March 13, 2020 / 5:02 AM / 18 days ago

U.S. shale companies hedges were inadequate for oil price crash

    By Devika  Krishna Kumar and Liz Hampton
    NEW YORK/DENVER, March 13 (Reuters) - Oil prices have
plunged so much that even U.S. shale producers who have paid for
the industry's version of income insurance must deal with big
holes in their budgets.
    Crude oil prices have crashed about 50% this year, hit by
the coronavirus outbreak and the surprise price war that erupted
last weekend between Saudi Arabia and Russia. The U.S. crude
benchmark on Thursday closed at $31.50 a barrel, far below the
$50-per-barrel price where many companies hedged. 
    With prices at three-year lows, shale producers also are
exposed because they used options in such a way that their
insurance erodes the more oil declines. 
    "U.S. production is likely less well hedged than the market
realizes," said Michael Tran, managing director of energy
strategy at RBC Capital Markets in New York.
    Shale companies protect their revenues with hedges because
oil prices can swing wildly due to unforeseen events. About 43%
of 2020's oil production was hedged as of the end of the fourth
quarter, according to Goldman Sachs. 
    But that 43 percent is not fully covered. Producers use a
variety of methods to hedge production. The simplest is to
purchase a put option that allows the holder to sell at a fixed
price at a particular time, regardless of where oil prices are
trading. That locks in a selling price of, say, $50 a barrel.
    Many shale producers used a more complex strategy, known as
three-way collars. Producers still buy the put options as
insurance, but they also sell other put options, often with a
lower price point - to lower or eliminate the cost of their
insurance. 
     Effectively, this is a calculated bet that oil will fall to
a certain level and no further. But that was not what happened. 
    "Using many of these structures, producers are
price-protected unless prices fall below a certain threshold,
and $45 a barrel was a popular strike level, at which point
producers become fully exposed," Tran said.
    RBC Capital Markets equity analysts said Marathon Oil
        hedged about 38% and Pioneer Natural Resources        
54% of estimated 2020 production, using three way collars. 
    Marathon and Pioneer did not respond to requests for
comment.
    Marathon was one of numerous companies this week that
announced drastic spending cuts.                          
    Futures and options-market volumes hit a record on Monday,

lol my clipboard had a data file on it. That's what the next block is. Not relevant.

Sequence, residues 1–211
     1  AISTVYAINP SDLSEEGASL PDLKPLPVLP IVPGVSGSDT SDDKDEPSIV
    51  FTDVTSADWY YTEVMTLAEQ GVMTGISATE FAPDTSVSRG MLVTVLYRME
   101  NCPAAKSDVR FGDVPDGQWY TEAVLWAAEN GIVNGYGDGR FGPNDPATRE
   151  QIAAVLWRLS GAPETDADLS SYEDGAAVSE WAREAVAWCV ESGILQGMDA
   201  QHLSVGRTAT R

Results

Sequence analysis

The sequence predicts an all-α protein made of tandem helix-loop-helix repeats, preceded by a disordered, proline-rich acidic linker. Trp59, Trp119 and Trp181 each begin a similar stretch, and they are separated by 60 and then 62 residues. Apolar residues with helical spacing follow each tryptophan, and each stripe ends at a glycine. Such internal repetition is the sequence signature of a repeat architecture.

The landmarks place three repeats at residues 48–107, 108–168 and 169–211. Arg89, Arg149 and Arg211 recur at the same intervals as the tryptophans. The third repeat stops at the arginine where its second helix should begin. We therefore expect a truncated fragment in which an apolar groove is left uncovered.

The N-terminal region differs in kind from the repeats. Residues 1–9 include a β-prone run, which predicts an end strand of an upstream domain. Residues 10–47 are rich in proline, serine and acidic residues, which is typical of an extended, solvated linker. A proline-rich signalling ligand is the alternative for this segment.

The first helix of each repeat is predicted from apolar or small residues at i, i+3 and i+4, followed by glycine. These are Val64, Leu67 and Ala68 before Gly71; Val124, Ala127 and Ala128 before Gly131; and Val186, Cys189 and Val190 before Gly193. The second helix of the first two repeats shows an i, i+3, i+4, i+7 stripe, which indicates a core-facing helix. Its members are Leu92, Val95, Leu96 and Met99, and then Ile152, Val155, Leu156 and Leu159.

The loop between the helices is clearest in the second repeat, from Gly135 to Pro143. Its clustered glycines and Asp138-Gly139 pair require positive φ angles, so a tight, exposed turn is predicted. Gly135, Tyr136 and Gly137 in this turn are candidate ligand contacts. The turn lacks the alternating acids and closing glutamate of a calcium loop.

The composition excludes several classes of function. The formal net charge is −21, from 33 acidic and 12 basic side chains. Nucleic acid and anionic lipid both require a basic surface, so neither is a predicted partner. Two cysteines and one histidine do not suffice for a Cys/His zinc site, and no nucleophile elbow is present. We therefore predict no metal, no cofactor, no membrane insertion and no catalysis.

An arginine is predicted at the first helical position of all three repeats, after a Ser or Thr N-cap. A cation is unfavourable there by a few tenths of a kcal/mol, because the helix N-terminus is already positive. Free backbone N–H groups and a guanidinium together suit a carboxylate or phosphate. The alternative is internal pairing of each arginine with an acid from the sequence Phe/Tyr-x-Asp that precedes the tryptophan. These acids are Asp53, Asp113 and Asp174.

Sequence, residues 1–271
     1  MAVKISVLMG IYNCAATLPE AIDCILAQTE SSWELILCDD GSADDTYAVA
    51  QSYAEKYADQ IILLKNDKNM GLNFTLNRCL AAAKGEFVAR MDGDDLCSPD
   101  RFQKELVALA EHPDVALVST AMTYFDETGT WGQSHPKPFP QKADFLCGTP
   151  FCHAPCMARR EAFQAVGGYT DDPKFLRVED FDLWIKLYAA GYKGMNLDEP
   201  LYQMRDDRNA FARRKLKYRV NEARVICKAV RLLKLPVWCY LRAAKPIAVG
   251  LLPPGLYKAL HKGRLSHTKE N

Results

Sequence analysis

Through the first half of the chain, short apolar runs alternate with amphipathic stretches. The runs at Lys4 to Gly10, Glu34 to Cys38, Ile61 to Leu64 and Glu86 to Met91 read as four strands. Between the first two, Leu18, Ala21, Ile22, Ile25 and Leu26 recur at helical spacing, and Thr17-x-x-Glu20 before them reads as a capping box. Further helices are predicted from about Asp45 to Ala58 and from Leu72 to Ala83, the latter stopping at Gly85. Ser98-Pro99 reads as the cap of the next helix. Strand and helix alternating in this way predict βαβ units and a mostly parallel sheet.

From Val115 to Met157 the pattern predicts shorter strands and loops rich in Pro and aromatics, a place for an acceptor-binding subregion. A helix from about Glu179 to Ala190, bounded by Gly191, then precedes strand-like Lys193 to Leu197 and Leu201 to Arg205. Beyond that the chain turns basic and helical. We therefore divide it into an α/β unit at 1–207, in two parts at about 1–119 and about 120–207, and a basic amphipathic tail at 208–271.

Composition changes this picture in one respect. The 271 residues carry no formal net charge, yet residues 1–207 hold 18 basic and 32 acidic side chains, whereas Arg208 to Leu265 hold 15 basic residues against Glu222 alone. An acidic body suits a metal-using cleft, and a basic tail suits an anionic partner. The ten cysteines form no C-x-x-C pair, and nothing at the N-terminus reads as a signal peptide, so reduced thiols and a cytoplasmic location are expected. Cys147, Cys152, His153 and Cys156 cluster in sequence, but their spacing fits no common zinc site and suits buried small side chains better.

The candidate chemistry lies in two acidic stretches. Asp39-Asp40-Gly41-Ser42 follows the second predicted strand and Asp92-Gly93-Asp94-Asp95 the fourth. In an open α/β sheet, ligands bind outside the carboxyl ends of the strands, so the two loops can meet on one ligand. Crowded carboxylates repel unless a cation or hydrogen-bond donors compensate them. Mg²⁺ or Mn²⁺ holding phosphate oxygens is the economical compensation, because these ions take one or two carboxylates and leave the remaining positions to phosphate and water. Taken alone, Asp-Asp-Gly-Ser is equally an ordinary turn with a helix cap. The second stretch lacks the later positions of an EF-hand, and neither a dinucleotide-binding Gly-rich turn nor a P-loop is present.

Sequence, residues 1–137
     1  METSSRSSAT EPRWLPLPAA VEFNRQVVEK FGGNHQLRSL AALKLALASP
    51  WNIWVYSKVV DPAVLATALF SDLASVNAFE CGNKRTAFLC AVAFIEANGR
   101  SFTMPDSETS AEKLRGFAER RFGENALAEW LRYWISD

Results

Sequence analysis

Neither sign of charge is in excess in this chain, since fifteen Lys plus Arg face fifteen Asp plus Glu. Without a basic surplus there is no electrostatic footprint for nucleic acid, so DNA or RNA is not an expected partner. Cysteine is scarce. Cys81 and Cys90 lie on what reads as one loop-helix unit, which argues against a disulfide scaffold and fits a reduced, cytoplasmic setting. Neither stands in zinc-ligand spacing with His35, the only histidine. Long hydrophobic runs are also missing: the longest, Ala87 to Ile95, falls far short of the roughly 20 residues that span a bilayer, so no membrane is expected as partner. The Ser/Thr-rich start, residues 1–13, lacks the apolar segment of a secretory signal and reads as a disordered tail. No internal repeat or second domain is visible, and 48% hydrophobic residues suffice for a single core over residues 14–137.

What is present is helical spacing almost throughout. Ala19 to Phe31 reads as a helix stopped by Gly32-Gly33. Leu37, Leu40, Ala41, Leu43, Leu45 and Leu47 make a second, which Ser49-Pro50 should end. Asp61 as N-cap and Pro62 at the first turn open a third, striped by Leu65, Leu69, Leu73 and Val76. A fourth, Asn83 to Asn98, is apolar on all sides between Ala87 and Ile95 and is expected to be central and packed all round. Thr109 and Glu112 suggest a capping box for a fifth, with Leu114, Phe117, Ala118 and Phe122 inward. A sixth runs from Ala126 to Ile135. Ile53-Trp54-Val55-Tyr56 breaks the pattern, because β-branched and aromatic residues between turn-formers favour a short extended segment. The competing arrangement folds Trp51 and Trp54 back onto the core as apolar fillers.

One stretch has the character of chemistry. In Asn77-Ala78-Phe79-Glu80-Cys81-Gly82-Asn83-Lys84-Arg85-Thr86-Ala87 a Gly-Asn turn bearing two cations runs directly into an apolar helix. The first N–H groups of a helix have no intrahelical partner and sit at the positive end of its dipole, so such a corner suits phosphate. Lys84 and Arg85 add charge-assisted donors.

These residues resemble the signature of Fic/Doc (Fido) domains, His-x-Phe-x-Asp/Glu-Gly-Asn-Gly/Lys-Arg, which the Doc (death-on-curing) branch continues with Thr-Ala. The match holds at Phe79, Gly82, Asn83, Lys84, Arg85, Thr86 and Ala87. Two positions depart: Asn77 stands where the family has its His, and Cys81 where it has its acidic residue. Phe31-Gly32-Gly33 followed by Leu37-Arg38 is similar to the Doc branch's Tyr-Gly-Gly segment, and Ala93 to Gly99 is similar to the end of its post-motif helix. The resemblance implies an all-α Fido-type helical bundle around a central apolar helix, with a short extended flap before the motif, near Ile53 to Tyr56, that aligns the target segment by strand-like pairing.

CME Group said. Some shale companies are looking to unwind
hedges, selling the financial contracts to generate cash, market
sources said, adding that others are looking to restructure
their hedge positions to secure protection at lower price
levels. 
    "Our E&P clients are now all re-evaluating the hedges they
have," Steve Sinos, vice president of Mercatus Energy Advisors,
using the acronym for exploration and production.    
    Occidental Petroleum constructed a complicated hedge that
protected their selling price for 2020 down to $45 per barrel
Brent while leaving them fully exposed to downside in 2021,
according to company filings. That company cut its dividend by
86% this week and said it would slash spending.             
    Parsley Energy restructured hedges earlier this month in
expectations of falling prices, but those changes were modest,
and were done before this week's rout.             
    "The whole industry is not evenly hedged," said Trisha
Curtis, co-founder of Denver-based consultancy PetroNerds. She
said hedged operators may still need to cut back on rigs and
hydraulic fracturing fleets that produce oil and gas from shale
rock. 
    
    UNHEDGED
    Some firms were not hedged at all, including Apache        
and Continental Resources        , according to the latest
annual filings.
    "Apache's approach in response to oil price dislocations has
been to quickly adjust our activity and spending as appropriate,
and that is what we are doing now," said Gary Clark, vice
president of investor relations at Apache, in a statement. 
    Continental did not respond to a request for comment.
    Shale firms are only now starting to hedge for 2021. Goldman
Sachs said just 2% of production for 2021 has been hedged, and
now companies face the likelihood that they will not be able to
lock in prices that will guarantee profits given their costs.
    Most shale companies need prices above $40 per barrel to
break even on costs at the well, but the market has been well
above that level for most of the last couple of years.

 (Reporting by Devika Krishna Kumar in New York and Liz Hampton
in Denver; Editing by David Gregorio)
  
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